August 10, 2012
I’ll be the first to admit that I didn’t really “get” LinkedIn until I did some digging for this blog post. In fact, my original title for this post could have been something like “Why LinkedIn isn’t such a useful tool for lawyers.” However, I soon discovered that LinkedIn is a social media platform that lawyers can truly benefit from, especially small firm and solo practitioners.
1. LinkedIn is the No. 1 social media platform for businesses.
According to a recent study conducted by the HubSpot blog, LinkedIn was almost three times more successful at generating client and customer leads than both Twitter and Facebook. One theory behind this is that many people who visit LinkedIn do so with business or legal needs in mind.
2. LinkedIn is user-friendly for those who are new to social networking.
The first thing you will do after joining LinkedIn is create a profile. Once this is complete, LinkedIn will suggest groups you can join and people you can connect with using the data you have provided about yourself. With a little participation every day, you can build your professional LinkedIn network in no time.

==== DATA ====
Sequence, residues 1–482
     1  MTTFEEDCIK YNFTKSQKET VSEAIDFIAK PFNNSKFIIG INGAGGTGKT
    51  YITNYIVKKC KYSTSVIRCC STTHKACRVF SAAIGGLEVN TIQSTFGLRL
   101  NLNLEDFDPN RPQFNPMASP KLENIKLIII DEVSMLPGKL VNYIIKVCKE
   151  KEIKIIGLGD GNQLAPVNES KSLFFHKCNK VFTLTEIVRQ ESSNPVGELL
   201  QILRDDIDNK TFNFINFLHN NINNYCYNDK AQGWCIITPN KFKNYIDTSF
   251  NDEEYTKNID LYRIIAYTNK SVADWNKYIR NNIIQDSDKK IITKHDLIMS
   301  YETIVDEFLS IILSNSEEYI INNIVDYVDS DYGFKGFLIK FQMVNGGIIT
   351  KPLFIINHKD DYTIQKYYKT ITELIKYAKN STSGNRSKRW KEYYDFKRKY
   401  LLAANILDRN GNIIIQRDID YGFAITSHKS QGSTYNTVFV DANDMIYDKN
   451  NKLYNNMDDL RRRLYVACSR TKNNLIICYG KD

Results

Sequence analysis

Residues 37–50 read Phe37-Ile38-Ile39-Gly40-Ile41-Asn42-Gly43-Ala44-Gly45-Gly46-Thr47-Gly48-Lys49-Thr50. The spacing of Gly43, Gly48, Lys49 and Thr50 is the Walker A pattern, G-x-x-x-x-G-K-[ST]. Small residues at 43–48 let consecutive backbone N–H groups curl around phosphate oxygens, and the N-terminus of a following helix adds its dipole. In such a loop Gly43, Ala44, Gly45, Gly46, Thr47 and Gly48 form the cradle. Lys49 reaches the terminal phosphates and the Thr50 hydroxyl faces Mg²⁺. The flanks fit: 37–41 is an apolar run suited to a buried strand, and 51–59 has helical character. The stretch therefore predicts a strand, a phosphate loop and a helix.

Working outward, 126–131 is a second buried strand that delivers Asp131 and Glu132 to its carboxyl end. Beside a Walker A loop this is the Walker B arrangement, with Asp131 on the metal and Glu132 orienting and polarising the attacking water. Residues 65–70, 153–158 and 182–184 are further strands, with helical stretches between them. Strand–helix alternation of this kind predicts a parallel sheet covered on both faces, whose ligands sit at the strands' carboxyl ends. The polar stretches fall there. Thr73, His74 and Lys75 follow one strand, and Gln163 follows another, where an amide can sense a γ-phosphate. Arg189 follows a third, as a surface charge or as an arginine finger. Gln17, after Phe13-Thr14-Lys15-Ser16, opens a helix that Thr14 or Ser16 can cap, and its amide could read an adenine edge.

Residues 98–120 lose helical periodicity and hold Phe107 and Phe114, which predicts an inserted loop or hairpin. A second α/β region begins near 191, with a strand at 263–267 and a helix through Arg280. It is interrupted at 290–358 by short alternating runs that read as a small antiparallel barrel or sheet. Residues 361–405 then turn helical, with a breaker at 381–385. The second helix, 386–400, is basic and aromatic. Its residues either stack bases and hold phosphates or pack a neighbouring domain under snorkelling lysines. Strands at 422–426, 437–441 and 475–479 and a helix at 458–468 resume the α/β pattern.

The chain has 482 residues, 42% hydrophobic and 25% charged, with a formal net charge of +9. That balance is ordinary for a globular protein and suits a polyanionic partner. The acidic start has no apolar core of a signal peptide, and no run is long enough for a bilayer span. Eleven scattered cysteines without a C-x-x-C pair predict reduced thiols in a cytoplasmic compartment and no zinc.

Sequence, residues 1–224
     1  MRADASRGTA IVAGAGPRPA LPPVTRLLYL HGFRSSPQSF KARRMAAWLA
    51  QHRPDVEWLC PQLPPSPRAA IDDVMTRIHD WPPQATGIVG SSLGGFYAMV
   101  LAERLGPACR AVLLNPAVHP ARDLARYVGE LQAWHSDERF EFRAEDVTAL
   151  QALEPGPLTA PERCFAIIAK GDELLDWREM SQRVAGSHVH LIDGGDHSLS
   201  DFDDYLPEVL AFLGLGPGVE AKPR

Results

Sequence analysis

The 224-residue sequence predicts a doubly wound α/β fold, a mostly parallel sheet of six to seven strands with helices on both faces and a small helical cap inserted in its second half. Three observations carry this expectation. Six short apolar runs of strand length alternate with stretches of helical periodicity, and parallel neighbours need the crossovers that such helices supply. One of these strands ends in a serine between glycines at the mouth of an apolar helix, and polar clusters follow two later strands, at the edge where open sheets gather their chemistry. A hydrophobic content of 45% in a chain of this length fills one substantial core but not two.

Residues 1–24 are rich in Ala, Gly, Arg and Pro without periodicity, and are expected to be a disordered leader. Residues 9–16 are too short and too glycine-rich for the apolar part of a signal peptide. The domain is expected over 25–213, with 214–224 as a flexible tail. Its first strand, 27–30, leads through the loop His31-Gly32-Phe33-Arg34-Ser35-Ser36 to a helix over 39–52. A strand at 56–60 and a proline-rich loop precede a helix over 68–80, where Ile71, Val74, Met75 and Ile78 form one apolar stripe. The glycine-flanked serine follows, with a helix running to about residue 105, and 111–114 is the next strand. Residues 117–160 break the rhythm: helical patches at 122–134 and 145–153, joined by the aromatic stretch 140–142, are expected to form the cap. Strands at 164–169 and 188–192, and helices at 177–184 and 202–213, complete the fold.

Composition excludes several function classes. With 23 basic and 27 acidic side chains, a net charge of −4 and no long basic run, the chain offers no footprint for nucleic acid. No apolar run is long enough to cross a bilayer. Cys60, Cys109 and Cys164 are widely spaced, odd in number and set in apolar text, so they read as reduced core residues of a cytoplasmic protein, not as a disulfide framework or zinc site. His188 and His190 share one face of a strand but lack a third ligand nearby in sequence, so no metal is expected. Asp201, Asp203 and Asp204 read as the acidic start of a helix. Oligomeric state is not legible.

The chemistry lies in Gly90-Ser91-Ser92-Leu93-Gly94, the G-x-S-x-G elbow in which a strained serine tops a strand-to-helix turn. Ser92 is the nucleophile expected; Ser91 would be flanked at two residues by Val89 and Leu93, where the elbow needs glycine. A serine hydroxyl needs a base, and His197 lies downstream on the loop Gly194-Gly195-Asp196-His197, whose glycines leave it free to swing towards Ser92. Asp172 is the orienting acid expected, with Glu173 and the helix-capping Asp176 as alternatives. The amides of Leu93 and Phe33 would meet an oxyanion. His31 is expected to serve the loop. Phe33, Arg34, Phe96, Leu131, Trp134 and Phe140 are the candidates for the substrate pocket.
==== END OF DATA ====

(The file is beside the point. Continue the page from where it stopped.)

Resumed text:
3. LinkedIn offers the same features as Facebook and Twitter in a more professional setting.
Within the past year or so, LinkedIn has introduced status updates and Company Pages, making it a fierce competitor with Facebook and Twitter. An added bonus is that LinkedIn caters to professionals, i.e. you don’t have to plod through pictures or status updates about what people had for dinner.
4. LinkedIn is a great way to connect with colleagues.
This is perhaps the biggest reason LinkedIn is a must for small firms and solo practitioners. LinkedIn provides the small firm lawyer with the big firm pool of resources. Newer lawyers, especially, depend on input from colleagues on almost a daily basis. LinkedIn allows you to pose inquiries to other lawyers via private message or through group forums.
5. LinkedIn keeps you up to date with happenings in your practice area.
As I mentioned, a great way to reach out to other lawyers is by creating or joining groups. Groups on LinkedIn offer a discussion forum where news, issues and questions can be posed to other lawyers with similar interests. It is also possible to post and look for jobs on group pages.
As you can see, my first impression was wrong. LinkedIn has a lot to offer small firm lawyers and solo practitioners. Like with most other social media platforms, it just takes a little time to explore LinkedIn and start building your own professional network. You’ll be glad you did.